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Integrated Logistics for Dep/Gard

In: Business and Management

Submitted By dstuck
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Course 616—Global Logistics Management
Don Stuck (15-041).

Lesson # 7

1.a. DEP/GARD DIAGRAM: (1) SUPPLIERS (six) to (2) DEP receiving to (3) DEP manufacturing to (4) DEP warehouse to (5) DEP/commercial transportation to (6) GARD

1.b. The stages adding value are: the performance criteria of the suppliers (product quality and timeliness in delivery); DEP’s advanced manufacturing equipment and ability to quickly change the manufacturing process; product packaging and prep for shipment; DEP’s internal transportation for delivery.

1.c The stages not adding value are: all of the time the compounds sit in the warehouse; the seven day inventory; the antiquated way (manual) they match manufacturing ticket with the purchase order and prepare shipping documents; possibly the use of common carriers and 6+ days of shipment (max).

2.Minimum order cycle time: 2 days shortest lead time for suppliers+ 6 days orders produced+ 3 days from manufacturing to shipment + 1 day shipping = 8 days minimum. Maximum order cycle time: 9 days longest lead time for suppliers + 8 days orders produced+6 days from manufacturing to shipment + 6 days shipping = 25 days maximum

3. Yes, the performance cycle can be improved using the 25/15% suppliers. The trade-offs are: the compounds may cost more vs. more reliability in filling orders; more cost vs. better service levels; greater reliability in filling orders vs. requirement to maintain high inventory levels; lower inventory levels = lower total costs.

4.a. I’d make the following changes; (1) I’d change the way we purchase our compounds; specifically, (1) the lowest price is not always the best value (consider costs, delivery, service levels) (2) I’d reduce the inventory levels since holding the amount we have is not based on need; if we order from suppliers with a better fill rate we can reduce the amount of days we keep inventory (3) start an information sharing program with the intent to improving communications both within and outside of DEP.

4.b. The mere thought of change seldom sits well with those that are comfortable with the way things are nor to those who benefit financially with the status quo. DEP has a potential communications problem both internally (manufacturing and shipping) and externally (suppliers who will lose shares of sales and those who stand to gain).

5. DEP has become too complacent in their relationship GARD and the new blood within the organization (Binish) will make them regret it. DEP has to immediately determine if they intend to keep GARD as a customer and determine what are the practicable limits they can employ to for them to maintain/regain the business. Of major importance is to fully understand Binish’s approach and methods and, if practical to do so, go about incorporating internal changes to meet GARD’s expectations. And then, DEP needs to ensure Binish is fully aware they are “on-board” and have made the changes necessary to meet GARD’s expectations. Binish’s definition of “qualifying criteria” appears to be the minimum threshold a company has to meet in order to move to the “finals” (“order winning criteria”)…. things like service levels, price, communications/public relations, responsiveness, product quality/quality assurance. “Order winning criteria” are those things that set you apart from the other bidders; these were addressed in 4.a. and 5, specifically, Binish/GARD needs to be assured the performance cycle and service levels meet/exceed their expectations and that the communication flow between the two companies (information sharing) is solid.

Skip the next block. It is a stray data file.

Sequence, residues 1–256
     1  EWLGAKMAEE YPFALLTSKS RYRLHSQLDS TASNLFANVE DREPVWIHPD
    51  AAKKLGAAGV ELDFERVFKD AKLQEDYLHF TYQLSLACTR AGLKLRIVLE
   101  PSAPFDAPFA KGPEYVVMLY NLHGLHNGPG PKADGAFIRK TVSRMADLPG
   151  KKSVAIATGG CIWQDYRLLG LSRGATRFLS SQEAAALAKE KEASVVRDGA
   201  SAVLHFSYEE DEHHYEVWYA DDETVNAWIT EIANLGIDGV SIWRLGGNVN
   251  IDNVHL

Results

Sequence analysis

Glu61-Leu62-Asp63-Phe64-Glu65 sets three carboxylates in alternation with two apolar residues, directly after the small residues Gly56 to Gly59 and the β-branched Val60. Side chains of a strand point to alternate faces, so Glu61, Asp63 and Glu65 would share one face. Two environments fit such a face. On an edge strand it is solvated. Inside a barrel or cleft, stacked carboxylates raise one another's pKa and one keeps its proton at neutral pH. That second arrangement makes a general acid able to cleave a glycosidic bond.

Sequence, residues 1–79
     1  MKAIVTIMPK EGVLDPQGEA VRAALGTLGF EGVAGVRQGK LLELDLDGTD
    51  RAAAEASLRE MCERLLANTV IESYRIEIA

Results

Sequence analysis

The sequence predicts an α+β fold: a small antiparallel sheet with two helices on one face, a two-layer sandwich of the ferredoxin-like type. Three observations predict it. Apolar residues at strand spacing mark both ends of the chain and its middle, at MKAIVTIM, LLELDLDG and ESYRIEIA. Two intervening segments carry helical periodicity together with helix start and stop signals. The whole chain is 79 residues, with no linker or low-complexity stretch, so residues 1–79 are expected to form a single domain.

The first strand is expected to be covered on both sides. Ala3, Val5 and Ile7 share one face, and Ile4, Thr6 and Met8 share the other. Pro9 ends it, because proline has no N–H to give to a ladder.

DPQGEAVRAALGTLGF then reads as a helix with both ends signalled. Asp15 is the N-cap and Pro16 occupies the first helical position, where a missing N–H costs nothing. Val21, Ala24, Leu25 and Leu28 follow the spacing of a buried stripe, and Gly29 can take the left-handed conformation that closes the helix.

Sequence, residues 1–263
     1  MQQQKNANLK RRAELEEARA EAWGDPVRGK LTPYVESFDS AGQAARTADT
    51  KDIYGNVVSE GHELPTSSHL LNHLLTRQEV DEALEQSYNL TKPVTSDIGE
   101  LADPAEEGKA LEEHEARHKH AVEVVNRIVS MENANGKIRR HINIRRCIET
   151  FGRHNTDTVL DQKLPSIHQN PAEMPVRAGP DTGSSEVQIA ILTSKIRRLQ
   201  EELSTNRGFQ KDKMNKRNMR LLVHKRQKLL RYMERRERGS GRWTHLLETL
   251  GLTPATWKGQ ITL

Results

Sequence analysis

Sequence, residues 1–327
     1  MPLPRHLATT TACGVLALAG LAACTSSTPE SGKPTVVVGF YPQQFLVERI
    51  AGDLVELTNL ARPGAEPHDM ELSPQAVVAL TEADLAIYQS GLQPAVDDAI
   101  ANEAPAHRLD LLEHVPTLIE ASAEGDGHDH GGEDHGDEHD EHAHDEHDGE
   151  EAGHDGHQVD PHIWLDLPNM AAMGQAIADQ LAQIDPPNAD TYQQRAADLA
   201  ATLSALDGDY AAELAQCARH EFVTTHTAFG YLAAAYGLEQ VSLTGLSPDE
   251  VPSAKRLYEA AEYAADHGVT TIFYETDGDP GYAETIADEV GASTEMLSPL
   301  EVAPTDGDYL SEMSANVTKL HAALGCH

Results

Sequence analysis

Both “qualifying and order winning criteria” will change over time as technology moves from the paper-based exchange of business to an standardized electronic one (electronic data interchange). This will reduce costs, improve the speed in which orders are processed, fewer processing errors and bette customer communication/relationships. Supply chain management is a dynamic, ever changing process. A commercial has a person staring “I want my cash and I want it now!”…we can expect clients will insist for the same in a continued movement right to ever shorter performance cycles and fill rates.